The Science of the Strategic Backlog

Planning for the Strategic Backlog however, requires a different level of rigor.  This type of planning answers the question of “Are we even doing the right things for the organization?”. 
 

Perfectly executed tactical planning without a strategic compass gets the organization nowhere fast.

 
A proper Strategic Backlog, while related, is quite different from the Tactical Backlog. For the Strategic view, a level of rigor, analysis and governance is absolutely critical to provide a framework for decision-making across the organizations.  
Of course there is always an element of Art that also comes into play taking into consideration expert opinions and vision, however, for the Strategic Backlog, the science must rule.
 
To accomplish this and not interfere with the tactical planning and execution that is occurring in parallel, the planning must be raised up beyond Stories, Bugs, and refactorings to a higher level of the Agile hierarchy. Most often this is conducted at the Epic level within a specific Product Group. 
 
Ensuring the Agile team is poised to deliver the best projects for the organization requires involvement beyond the Product development organization. The establishment of a Product Steering Committee or Investment Review Board can serve this purpose to help inform the Product Roadmap. 

 
Here is a quick checklist to ensure your team is set up for success with your Steering Committee
Determine who across the organization needs to be involved
It’s a good idea to include input from the key organizations (Marketing, Sales, Customer Success, etc) as well as leadership, in order to get different viewpoints and perspectives.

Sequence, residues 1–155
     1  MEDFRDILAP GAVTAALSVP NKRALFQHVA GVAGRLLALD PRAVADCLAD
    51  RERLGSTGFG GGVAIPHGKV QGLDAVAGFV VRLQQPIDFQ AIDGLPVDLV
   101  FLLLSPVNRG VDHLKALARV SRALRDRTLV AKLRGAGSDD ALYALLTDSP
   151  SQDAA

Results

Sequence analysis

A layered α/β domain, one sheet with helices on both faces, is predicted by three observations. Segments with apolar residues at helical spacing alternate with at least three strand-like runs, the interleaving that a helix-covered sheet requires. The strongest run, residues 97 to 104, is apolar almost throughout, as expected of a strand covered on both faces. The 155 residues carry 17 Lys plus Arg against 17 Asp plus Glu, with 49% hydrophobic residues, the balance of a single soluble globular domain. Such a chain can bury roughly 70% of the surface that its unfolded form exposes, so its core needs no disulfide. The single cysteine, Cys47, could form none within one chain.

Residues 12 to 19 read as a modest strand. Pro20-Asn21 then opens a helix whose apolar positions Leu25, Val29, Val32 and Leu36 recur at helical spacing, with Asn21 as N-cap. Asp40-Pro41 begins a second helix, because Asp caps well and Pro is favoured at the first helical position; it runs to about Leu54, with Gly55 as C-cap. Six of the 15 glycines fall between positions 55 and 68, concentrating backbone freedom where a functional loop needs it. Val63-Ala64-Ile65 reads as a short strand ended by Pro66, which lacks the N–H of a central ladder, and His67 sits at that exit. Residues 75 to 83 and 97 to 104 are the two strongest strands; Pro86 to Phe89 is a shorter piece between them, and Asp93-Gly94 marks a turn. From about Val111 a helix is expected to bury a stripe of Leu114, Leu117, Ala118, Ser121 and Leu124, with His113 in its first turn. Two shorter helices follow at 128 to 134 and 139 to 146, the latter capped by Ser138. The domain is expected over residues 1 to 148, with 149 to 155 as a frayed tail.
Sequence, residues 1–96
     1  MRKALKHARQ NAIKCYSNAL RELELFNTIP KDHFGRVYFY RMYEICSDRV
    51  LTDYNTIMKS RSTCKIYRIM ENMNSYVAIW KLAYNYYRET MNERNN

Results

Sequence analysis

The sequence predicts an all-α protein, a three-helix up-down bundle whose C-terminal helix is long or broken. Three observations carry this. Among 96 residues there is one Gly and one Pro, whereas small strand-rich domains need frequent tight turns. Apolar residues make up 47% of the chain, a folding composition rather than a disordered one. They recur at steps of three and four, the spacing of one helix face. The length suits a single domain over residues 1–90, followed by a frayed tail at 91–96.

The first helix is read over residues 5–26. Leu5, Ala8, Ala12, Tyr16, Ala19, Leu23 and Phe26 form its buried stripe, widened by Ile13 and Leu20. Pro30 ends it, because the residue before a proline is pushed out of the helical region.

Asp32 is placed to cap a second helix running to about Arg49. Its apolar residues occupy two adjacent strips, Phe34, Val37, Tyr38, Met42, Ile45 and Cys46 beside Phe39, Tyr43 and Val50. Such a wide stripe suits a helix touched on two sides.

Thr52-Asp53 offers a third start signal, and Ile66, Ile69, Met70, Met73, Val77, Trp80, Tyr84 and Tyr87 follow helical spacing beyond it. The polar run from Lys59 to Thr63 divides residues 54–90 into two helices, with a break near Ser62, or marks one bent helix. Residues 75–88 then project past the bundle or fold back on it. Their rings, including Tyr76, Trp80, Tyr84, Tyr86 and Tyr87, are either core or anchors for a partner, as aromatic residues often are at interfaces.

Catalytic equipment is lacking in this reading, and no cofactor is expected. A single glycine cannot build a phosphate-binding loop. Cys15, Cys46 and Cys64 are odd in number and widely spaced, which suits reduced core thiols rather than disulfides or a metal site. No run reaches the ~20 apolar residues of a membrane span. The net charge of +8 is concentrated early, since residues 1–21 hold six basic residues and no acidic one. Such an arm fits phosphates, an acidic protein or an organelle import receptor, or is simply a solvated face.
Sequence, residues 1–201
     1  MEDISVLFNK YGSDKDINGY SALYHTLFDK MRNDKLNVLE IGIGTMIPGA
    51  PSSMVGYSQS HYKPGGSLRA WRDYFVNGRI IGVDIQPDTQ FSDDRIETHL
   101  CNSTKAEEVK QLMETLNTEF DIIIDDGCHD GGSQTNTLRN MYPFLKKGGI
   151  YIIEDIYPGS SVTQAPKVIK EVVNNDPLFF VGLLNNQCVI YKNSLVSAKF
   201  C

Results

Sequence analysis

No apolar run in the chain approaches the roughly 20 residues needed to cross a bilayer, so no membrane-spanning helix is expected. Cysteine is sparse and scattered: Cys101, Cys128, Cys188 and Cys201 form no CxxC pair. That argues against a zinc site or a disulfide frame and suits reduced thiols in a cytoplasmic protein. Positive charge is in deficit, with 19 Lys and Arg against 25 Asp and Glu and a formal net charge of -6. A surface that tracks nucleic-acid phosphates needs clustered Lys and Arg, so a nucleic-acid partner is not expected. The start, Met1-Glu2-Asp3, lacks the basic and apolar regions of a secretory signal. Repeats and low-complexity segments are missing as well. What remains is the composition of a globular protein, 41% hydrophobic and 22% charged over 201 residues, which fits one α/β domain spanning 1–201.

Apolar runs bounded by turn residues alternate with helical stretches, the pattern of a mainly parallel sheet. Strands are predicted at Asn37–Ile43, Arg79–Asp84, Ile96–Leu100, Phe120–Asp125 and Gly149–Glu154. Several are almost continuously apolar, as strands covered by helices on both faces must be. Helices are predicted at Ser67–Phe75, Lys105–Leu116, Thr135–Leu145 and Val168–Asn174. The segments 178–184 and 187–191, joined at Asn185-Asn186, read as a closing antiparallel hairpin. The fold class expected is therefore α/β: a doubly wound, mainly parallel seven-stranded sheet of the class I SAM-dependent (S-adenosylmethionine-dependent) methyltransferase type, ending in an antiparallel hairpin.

The membership should be kept small with no more than 10 members with voting authority to ensure that conversations are kept at an organizational strategic level and don’t devolve to individual wants and needs. The Steering Committee should be chaired by someone in the Product organization as ultimately it is the Product group that is accountable for delivery against the roadmap. 
Determine an appropriate meeting cadence
Make sure this is done at the right time in your agile workflow/process and release rhythm. Typically, meeting at least once a month provides ample breathing room for decision making and feedback loop. Meetings should be 1-2 hours depending on the size of the group. 
 
Determine a feeder strategy 
Ideas for Epics to undertake need to be aligned to appropriate  target markets and also must address specific pain points and needs for use cases within those target markets.
 
Steering Committees are often set up to have feeder groups to assess Target Market and Needs Analysis to come to the Steering Committee with Epics to consider. The makeup of the Steering Committee can be kept at a smaller manageable level by including other levels of the representative organizations in the feeder groups. 
Collect Basic Epic and Budget Data
Proposed Epics do not need to be 100% figured out, but should have basic information by which to make strategic decisions. The Steering Committee decision process is not an account exercise but rather relies on the information and metadata provided by subject matter experts to assess and prioritize.